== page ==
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Boils
(Carbuncles, Furuncles)

Definition:
A boil is a red, swollen, painful bump under the skin that is caused by an infection. Boils often start in an infected hair follicle. Bacteria form an abscess or pocket of pus. Eventually, the pus may come to a head and drain out through the skin. Boils can occur anywhere, but common sites include the face, neck, armpits, buttocks, groin, and thighs.

There are several types of boils:

Furuncle or carbuncle – an abscess caused by the bacteria Staphylococcus aureus. This type sometimes occurs as several boils in a group.

Pilonidal cyst – an abscess that occurs in the crease of the buttocks. These almost always require medical intervention.

Cystic acne – an abscess that occurs when oil ducts become clogged and infected. This is more common in the teenage years.

Hidradenitis suppurativa – an uncommon disorder where multiple abscesses occur in the armpit and groin area.

Causes:
Causes of boils may include:
  • The bacteria Staphylococcus aureus, or other bacteria
  • Ingrown hair
  • Splinter or foreign objected lodged in the skin
  • Plugged sweat gland or oil duct

Risk Factors:
A risk factor is something that increases your chance of getting a disease or condition.

  • Diabetes
  • Poor nutrition
  • Poor hygiene
  • Weakened immune system
  • Exposure to harsh chemicals

Symptoms:
Symptoms may include:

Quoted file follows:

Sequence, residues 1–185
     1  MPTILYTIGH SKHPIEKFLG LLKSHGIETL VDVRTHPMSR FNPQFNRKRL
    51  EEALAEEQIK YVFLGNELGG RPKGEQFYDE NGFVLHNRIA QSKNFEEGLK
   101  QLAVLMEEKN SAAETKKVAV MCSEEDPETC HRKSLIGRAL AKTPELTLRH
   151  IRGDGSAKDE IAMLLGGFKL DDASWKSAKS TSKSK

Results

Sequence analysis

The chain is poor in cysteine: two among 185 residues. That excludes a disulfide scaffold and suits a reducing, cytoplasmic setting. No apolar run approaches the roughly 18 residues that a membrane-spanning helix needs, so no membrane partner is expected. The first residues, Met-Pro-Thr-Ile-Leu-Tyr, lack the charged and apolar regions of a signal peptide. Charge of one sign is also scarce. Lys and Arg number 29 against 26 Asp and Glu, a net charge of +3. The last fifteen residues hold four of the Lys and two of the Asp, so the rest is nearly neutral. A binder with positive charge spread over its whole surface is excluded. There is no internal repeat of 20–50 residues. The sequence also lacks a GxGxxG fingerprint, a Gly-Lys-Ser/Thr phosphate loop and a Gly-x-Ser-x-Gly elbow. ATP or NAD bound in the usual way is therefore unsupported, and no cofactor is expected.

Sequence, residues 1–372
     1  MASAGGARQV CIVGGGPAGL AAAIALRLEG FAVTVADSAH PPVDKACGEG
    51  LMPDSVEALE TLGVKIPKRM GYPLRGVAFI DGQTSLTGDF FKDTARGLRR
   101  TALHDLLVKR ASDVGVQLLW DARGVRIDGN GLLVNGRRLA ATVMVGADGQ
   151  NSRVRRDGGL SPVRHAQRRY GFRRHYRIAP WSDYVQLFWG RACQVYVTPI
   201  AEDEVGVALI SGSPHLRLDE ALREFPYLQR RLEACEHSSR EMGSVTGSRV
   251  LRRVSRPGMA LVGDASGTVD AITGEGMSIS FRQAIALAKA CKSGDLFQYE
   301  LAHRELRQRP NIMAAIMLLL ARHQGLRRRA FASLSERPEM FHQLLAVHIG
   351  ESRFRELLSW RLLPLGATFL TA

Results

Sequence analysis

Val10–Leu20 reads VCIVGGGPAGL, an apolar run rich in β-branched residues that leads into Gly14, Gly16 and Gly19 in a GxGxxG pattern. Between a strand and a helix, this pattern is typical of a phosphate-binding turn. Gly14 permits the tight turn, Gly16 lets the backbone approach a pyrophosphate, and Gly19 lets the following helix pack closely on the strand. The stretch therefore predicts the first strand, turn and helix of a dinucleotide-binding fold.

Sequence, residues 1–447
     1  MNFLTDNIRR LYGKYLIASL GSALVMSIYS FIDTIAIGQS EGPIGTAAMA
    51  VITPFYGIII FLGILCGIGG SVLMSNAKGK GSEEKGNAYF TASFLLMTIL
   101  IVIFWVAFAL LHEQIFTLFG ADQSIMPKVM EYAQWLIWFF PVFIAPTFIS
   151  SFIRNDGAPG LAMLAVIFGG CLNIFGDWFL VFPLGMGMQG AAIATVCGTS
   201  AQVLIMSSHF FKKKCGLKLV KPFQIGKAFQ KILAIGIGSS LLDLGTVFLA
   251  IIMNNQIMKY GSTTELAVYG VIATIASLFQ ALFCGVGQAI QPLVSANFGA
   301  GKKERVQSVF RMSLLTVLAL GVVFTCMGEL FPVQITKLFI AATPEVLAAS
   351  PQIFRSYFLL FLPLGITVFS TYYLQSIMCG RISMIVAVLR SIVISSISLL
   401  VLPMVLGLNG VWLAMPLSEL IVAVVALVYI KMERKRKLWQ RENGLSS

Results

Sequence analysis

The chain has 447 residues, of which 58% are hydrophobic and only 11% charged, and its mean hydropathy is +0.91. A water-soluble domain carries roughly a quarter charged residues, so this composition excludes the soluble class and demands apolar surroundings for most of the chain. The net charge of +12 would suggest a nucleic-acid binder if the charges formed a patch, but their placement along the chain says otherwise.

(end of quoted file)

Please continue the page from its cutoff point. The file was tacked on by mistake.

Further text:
• Skin lump or bump that is red, swollen, and tender
  • Lump becomes larger, more painful, and softer over time
  • Pocket of pus may form on top of the boil. This is called "coming to a head."
Diagnosis:
The doctor will ask about your symptoms and medical history, and perform a physical exam. The diagnosis can be made from your symptoms and a physical exam.

Some boils do not require medical attention and may drain on their own. More serious symptoms associated with boils that may require medical attention include:

  • The boil worsens, persists, or becomes large or severe.
  • You have a fever.
  • The skin around the boil turns red or red streaks appear.
  • The boil does not drain.
  • An additional boil or boils appear.
  • The boil limits your normal activities.
  • The boil is on your face, near your spine, or in the anal area.
  • You have diabetes.
  • You develop many boils over several months.
Treatment:
Your doctor can drain the boil if necessary and treat the infection with antibiotics.

Home treatment may include:

Warm Compresses
Apply warm compresses to the boil for 20 minutes 3 to 4 times a day. Depending on the area of the body affected, you may be able to soak the boil in warm water. These measures can ease the pain and help bring the pus to the surface. Once the boil comes to a head, repeated soakings will help the boil begin to drain.

Lancing the Boil
Do NOT pop or lance the boil yourself. This can spread the infection and make it worse. If the boil does not drain on its own or it is very large, you may need to have it drained or lanced by your doctor.

Cleaning and Bandaging
Whether the boil drains on its own or was lanced by a doctor, you must keep it clean. Wash it with antibacterial soap and apply a medicated ointment and bandage. Clean the affected area 2 to 3 times a day until the wound heals completely.

Prevention:
To help prevent boils:
  • Practice good hygiene. Wash boil-prone areas with soap and water or an antibacterial soap. Dry thoroughly.
  • Clean and treat any minor skin wounds.
  • Avoid clothing that is too tight.
Please be aware that this information is provided to supplement the care provided by your physician. It is neither intended nor implied to be a substitute for professional medical advice. CALL YOUR HEALTHCARE PROVIDER IMMEDIATELY IF YOU THINK YOU MAY HAVE A MEDICAL EMERGENCY. Always seek the advice of your physician or other qualified health provider prior to starting any new treatment or with any questions you may have regarding a medical condition.
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